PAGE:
For long-frazzled rush-hour commuters, help may be on the way. But first, they've got to give up their stubborn streak of independence and recruit a friend or neighbor who wants to join in car-pooling it to work. Then all they will have to do is hop on the high-occupancy vehicle (HOV) lane and zip along the interstate, bypassing all those solo drivers tied up in endless traffic jams.
That's the vision of highway planners who open their first HOV lane later this month in Montgomery County. If this experiment is as successful as expected, there will be HOV lanes for cars with two or more passengers along the Capital Beltway, the Baltimore Beltway, Interstate 95 north and south of Baltimore and U.S. 50 between Washington and Annapolis.
The idea is to encourage people to commute in bunches, not in individual cars. That's a wise strategy, given the mandates of the federal Clean Air Act that impose harsh penalties on Maryland if it does not find ways to reduce auto-exhaust emissions and air pollution in metropolitan regions. Car-pooling is among the least painful ways of achieving those goals.
Maryland transportation officials picked the right place to try out the state's first HOV lane: Montgomery County. It has the worst congestion and the fastest-growing commuter traffic. Interstate 270 -- from the Capital Beltway north through Rockville, Gaithersburg, Germantown and Clarksburg -- already is 12-lanes wide, carrying 160,000 vehicles a day (one-fifth of them containing two or more persons). By the year 2010, that figure will rise to 250,000 vehicles daily. Highway planers will need HOV lanes -- and lots of prayers -- to handle that magnitude of commuter traffic through Montgomery, even with six lanes in each direction.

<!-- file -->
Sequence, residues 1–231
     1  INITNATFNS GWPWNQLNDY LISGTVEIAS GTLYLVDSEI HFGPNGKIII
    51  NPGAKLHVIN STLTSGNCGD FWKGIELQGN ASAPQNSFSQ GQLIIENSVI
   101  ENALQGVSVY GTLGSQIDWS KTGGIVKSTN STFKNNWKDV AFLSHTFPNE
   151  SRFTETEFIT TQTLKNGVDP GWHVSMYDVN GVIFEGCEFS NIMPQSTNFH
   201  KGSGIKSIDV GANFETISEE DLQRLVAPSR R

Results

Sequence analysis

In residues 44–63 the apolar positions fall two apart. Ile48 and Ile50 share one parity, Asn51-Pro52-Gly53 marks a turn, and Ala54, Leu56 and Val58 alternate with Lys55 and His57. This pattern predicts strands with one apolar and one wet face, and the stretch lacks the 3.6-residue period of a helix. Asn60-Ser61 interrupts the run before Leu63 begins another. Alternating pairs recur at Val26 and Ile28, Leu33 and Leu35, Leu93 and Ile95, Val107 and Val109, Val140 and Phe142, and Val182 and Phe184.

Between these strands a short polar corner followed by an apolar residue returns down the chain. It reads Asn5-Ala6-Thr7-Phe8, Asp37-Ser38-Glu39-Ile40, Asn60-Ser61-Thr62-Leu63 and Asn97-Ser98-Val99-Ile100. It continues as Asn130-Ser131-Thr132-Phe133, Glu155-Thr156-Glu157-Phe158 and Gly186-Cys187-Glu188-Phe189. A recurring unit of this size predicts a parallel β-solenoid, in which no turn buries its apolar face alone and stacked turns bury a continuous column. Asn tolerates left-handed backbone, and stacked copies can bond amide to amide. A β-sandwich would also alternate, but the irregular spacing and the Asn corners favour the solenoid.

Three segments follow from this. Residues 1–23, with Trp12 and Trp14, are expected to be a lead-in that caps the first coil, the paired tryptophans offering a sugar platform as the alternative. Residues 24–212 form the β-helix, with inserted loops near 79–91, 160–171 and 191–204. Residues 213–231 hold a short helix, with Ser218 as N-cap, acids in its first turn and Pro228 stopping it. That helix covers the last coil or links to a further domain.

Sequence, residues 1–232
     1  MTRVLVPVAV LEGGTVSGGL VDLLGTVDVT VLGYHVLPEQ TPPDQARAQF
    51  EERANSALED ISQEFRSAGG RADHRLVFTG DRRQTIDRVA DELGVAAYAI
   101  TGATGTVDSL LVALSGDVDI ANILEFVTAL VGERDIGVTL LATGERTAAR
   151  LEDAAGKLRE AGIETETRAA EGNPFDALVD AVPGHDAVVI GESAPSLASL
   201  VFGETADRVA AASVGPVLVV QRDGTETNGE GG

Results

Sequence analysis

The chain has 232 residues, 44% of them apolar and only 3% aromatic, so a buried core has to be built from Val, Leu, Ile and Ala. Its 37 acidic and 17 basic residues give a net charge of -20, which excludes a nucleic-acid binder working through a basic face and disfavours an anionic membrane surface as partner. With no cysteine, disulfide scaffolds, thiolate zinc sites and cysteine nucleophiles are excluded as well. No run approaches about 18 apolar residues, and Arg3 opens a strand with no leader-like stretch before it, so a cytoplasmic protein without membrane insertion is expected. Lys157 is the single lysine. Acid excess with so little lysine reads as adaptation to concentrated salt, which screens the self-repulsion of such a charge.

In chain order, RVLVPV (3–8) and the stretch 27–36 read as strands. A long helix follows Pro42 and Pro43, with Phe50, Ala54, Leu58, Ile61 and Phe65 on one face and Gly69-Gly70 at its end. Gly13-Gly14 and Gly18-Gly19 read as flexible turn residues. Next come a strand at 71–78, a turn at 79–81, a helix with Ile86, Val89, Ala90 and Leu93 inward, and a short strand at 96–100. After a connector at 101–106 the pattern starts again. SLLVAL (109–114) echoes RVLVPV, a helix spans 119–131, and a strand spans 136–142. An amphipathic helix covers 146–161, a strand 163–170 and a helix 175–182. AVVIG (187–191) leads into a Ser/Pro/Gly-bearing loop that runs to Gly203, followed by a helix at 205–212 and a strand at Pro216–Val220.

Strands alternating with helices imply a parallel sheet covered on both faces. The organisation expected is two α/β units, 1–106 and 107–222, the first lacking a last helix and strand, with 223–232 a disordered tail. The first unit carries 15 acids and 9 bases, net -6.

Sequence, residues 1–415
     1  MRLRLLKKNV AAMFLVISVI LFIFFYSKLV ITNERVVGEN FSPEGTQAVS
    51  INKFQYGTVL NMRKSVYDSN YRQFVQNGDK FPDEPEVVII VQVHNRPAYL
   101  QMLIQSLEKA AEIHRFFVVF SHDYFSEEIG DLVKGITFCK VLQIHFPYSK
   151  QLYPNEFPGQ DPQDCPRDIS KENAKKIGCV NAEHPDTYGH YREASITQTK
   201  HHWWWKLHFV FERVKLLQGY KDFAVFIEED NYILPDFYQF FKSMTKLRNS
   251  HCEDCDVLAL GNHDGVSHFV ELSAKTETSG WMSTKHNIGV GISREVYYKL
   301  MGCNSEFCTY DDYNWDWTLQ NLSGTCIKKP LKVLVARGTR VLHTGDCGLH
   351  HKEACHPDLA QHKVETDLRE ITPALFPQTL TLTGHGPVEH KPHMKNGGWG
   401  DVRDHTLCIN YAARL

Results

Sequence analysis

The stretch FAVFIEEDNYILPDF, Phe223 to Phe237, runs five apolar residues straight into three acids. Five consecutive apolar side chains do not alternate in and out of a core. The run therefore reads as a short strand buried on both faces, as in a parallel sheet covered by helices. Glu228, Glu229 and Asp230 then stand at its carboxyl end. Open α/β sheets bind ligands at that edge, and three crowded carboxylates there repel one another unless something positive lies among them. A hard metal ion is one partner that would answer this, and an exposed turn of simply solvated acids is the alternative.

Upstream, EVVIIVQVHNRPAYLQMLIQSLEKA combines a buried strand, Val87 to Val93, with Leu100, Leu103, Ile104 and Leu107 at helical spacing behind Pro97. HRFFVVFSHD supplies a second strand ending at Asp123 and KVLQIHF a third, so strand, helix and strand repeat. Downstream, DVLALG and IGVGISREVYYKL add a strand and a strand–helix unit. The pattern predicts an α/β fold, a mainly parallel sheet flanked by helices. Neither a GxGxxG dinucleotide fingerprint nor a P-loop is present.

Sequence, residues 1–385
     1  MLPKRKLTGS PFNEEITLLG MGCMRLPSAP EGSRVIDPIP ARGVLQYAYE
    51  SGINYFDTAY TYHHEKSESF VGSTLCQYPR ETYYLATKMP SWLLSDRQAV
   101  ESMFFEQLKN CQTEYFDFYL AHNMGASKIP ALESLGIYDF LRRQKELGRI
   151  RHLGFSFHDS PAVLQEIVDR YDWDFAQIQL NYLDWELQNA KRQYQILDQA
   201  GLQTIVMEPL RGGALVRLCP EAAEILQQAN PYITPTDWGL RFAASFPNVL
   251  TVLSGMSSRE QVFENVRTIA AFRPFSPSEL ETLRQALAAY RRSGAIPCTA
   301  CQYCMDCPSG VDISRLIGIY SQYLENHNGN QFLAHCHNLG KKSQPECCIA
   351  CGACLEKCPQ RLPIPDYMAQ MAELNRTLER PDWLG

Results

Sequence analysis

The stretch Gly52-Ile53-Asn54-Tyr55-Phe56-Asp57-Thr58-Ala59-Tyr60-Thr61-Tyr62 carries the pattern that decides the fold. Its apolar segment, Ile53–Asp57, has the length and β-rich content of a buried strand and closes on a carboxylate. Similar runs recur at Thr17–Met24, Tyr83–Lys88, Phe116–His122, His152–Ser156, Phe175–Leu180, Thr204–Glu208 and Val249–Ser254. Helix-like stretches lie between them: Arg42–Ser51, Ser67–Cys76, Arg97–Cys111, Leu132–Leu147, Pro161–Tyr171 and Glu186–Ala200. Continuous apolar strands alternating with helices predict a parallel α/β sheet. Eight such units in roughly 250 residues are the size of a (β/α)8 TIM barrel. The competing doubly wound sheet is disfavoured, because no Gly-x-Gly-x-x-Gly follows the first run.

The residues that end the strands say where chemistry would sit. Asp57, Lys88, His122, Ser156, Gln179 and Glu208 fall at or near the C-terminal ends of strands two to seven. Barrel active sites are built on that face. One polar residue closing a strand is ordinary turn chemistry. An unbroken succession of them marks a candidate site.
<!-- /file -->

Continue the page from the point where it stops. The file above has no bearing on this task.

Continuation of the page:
There is a limit, though, to the number of traffic lanes that can be constructed to satisfy the commuting habits of Maryland's suburban drivers. We can't pave over all of suburbia with superhighways. Mass transit is desperately needed. HOV lanes are fine in helping to ease the traffic backups and lower the number of rush-hour cars somewhat. But the real answer lies in a comprehensive system of rapid-transit lines extending far out into the suburbs. State legislators don't want to pay for such a system, but it remains the only feasible long-range solution.